My young son’s hand in mine, we make our way into the supermarket pushing a huge cart. The fruit and vegetable display is meticulous, in tidy rows, and colourful under the neon lights. Everything is clean, immaculately so. The displays are calculated as to their height, presentation, quantity, juxtaposition, and groupings. No aroma, not of bananas, peaches, or even mangoes. Likely the fruit was picked before it had ripened for the trip across the world in sealed containers to arrive in a presentable state on our plates. Automatic sprayers deposit artificial dew, giving the fruits and vegetables from around the world a reprieve. I reach for the products I’m familiar with, laden as they are with memories: coriander, clementines, dates, pomelos, pomegranate, persimmon, and sweet potatoes. I discover a host of other products: durians, cranberries, cantaloupe, okra, cherimoles, pecans, granadilla, rambutans, star fruit, mangosteens, physalis, tamarillos . . . So many words that I learned in English first, and only in French later. Around the world in sixty seconds or less. I imagine the bunch of grapes being packaged in Chile, the avocado leaving Mexico and the mandarins exported from Japan, their long trip through the crush and refrigeration gases, and the climate shock of their arrival in our snow‑covered lands. No apparent sign of the seasons: strawberries, peaches, cantaloupes, raspberries, and bananas are offered year‑round. I hurry, my shopping cart is full of plastic bags to protect the tastes and colours I love so much. I inhale the scent of the coriander as I set it down on the cashier’s moving belt. I weigh the firm red pomegranate in my hand. The cashier smiles and asks me to identify the contents of several bags. What strange tastes I have! “I’m from Morocco . . . and from France.” In her eyes, I’m as exotic as the contents of my bags. We exchange dollars. I carry my plastic bags. So unlike the string bags, the cloth bags, the wicker baskets and caddies. My little boy carries a bouquet of tulips imported from the Netherlands. We return to our car, incognito in the Canadian city that has become my home for the past twenty years.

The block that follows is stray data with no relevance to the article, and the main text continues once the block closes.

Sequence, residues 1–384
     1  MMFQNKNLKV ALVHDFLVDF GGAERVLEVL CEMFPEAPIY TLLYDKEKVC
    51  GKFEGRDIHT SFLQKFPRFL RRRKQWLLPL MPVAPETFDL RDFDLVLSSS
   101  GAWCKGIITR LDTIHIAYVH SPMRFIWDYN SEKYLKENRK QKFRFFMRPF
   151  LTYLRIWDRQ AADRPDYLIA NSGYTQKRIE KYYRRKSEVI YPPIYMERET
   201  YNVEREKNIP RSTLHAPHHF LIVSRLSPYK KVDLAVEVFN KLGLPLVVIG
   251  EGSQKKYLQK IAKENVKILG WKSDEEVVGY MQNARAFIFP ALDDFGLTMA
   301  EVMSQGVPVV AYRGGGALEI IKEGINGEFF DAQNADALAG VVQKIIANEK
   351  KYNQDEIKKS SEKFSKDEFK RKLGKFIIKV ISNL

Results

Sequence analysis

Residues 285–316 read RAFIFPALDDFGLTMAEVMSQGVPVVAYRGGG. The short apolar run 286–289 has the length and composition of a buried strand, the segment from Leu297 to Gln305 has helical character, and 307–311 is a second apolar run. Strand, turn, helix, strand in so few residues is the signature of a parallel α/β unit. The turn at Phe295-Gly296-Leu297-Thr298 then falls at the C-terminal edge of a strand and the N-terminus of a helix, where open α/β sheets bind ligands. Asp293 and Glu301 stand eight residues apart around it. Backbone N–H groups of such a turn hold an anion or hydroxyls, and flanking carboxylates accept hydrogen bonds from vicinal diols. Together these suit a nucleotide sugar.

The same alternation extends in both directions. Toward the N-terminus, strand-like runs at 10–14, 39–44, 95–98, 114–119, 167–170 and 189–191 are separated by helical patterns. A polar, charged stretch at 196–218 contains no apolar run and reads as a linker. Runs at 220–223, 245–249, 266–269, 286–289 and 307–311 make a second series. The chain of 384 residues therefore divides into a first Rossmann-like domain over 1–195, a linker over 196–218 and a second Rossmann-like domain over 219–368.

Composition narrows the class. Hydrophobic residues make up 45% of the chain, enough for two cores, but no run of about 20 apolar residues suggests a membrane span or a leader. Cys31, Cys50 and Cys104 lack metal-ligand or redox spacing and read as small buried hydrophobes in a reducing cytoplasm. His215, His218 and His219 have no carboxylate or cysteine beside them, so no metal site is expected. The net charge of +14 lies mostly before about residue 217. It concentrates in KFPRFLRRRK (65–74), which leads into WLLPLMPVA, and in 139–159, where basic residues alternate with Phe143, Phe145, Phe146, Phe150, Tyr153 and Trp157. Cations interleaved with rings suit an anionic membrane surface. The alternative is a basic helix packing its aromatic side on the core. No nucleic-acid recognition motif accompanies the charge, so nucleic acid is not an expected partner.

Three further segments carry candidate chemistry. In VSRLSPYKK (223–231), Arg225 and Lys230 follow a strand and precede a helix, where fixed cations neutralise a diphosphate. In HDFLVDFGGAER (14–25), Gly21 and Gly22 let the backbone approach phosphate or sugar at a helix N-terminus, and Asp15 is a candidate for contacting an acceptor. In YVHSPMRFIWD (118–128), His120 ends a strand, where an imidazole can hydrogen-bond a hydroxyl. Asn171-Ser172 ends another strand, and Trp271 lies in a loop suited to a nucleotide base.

The taste of Morocco, France, and Canada come together on my tongue . . . my mother tongue. I dip into one then another to meet my gustatory and linguistic expectations. I close my eyes, I taste and I remember . . . Heat versus cold, the snow versus a scorching sun, sweet and salty, and yet, together in me, all the blends of scents, spices and colours reach a place of harmony. A single scent or colour transports me to picturesque Morocco, the French countryside or the Canadian expanses. The three cultures live inside me, hand in hand.

Susan Ouriou translates fiction from French and Spanish, edited the 2010 anthology Beyond Words – Translating the World, and is the former director of the Banff International Literary Translation Centre. Her translation, Pieces of Me, won the 2009 Governor General’s Award for Literary Translation. She is also an award-winning fiction writer.

Odile Rollin first discovered the taste of citrus and the subtleties of spice in Morocco, the country of her childhood. The new and bittersweet awaited in West Berlin 14 years later and in France. Yet the strongest taste of exile, and the most lasting, came in Calgary where she began teaching in 1983.